Discussion in 'Energy Futures' started by JangoFolly, Apr 4, 2007.
Is this a function of going public? Any insights?
No. It's the effect of the screen.....
Wow, les than a third of the price it was less than 8 months ago. Is NYSE suffering the same percentage effect as well?
the bubble burst
With the electronic contracts increasing overall volume, I would have thought the opposite.
Lessees pay up for the right to trade in the pits. The only advantage of a seat for screen trading is the commission savings.
You used to pay for the right to scalp the public for 5 or 10 cents...but with the bid/offer on the screen typically being just a penny most of the time, and with 70%+ of the volume done on Globex, it is the pit that keys off the screen and the opportunity to scalp the public all day long has been diminished. You still need the pit for back months, spreads, strips, and options, so I don't think it will be gone as soon as some of the some pessimists predict.
I appreciate the insights. I was focused on the aspect of commissions savings.
Trading on the floor is not as inexpensive as it seems.
I used to trade for myself on one of the floors in NY in late seventies and early eighties. (In those years in NY one could not lease a seat yet.)
One had to have one's own clerk physically match the trades with the other party's clerk within minutes. In addition to exchange fees one had to pay the clearing broker for clearing the trades.
I remember it cost about $2 round turn. One also had to post a performance bond (guarantee) In the late seventies it was a mere 100K. Later, because a lot of traders blew out they raised it to 1 million. After I left sometime in the late eighties or in the nineties they have raised the guarantee requirements to unlimited.
I wonder how much an unlimited liability performance bond costs a trader today.
Twenty years later trading on the screen, nonmember, I am paying IB roughly $4 per round turn all fees included. Not a bad deal. Plus I am saving big on cab fare.
What's more important is that CL is a large contract with a lot of movement and the $4 RT commission
does not make or brake the trader. One's level of skill and discipline is the main determining factor in success.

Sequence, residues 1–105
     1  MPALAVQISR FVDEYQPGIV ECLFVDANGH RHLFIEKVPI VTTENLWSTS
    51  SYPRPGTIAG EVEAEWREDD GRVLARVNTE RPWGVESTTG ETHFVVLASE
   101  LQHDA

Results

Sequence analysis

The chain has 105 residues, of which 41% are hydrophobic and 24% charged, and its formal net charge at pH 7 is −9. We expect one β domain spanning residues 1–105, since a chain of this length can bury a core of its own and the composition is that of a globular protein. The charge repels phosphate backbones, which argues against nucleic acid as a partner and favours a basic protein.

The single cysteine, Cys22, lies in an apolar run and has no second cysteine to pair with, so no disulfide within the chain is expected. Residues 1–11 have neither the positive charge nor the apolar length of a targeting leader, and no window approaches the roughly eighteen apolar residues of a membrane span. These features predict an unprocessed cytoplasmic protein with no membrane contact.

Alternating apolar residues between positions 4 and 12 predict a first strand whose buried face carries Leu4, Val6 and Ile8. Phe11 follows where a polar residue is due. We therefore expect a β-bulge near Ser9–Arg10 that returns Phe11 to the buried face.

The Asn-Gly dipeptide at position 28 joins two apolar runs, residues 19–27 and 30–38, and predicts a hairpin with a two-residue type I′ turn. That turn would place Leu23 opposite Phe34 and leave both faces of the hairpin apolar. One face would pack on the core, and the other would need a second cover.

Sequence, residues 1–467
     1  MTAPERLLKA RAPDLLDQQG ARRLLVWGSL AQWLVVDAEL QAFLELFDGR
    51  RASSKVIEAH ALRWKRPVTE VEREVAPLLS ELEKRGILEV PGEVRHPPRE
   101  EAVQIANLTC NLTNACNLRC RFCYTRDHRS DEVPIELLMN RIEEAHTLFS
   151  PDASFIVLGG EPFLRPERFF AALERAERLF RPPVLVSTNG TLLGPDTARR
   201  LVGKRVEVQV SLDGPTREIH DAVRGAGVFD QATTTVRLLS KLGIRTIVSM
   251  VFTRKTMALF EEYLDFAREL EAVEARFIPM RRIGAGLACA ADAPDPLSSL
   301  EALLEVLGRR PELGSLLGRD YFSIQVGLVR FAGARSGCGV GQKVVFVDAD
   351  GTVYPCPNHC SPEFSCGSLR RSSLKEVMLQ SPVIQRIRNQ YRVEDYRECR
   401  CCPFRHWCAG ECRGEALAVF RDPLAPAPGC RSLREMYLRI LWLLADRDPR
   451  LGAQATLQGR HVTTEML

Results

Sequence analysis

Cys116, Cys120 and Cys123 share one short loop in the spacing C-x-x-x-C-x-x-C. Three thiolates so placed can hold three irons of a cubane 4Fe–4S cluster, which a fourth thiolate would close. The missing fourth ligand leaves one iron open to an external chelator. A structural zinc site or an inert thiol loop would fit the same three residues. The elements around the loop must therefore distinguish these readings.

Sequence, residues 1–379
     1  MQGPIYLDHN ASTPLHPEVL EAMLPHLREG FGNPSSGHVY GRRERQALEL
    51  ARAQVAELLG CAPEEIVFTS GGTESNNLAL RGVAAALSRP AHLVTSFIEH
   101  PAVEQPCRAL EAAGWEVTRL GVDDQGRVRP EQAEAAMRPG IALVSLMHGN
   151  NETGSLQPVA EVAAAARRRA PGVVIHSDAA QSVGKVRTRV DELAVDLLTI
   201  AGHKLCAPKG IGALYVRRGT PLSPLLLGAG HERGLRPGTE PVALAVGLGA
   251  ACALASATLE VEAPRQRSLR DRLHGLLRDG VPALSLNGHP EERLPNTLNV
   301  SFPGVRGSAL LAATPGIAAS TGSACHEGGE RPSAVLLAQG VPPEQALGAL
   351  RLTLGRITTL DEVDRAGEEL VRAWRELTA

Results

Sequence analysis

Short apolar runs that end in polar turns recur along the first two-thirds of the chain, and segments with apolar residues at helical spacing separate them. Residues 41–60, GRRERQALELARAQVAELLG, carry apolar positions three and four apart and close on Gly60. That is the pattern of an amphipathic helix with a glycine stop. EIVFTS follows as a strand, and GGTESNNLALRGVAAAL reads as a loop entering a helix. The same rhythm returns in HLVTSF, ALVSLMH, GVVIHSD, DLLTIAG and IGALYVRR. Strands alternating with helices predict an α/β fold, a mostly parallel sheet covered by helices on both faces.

Floor trading certainly has many advantages but at this point I would not want to exchange trading in a quiet comfortable environment - where I can think clearly - with the physically demanding chaotic conditions on the floor.
Who knows maybe a lot of other people are coming to the same conclusion.
Would anyone care to comment on the cost structure of trading on the floor today? TIA.
Can anyone tell a young want to be pit trader just what they think the future holds for the pits of Chicago and New York? Is fully electronic the future or are we going to see half and half trading for sometime now or will the pits live forever? I am currently a grain and energy trader in the futures but also deal with the options and would like to trade in the pit after high school and college. Livestock is almost completely pit traded so are markets like HRSW in Minneapolis HRWW in KC and lumber and milk. In my oppinion making these contracts fully electronic would get you 0 liquidity. They need the pit.
People seem to complain about the guys down in the pit taking you for huge amounts of money because of slippage and stop running and such. But really in a fully electronic market you are getting the same types of things done to you but only by smart computers that some geek squad has developed. If you ask me I would rather a human that can be outsmarted and has fear and greed emotions try to take me for a few bucks than a super smart fast thinking computer program.
I have basically 6 years untill I get done with the rest of high school and complete my 4 years of college. My question is will the great commodity pits be around in 6 years or be a thing of the past? If they do become extinct will the options pits go as fast or are they going to be doing business for sometime now?
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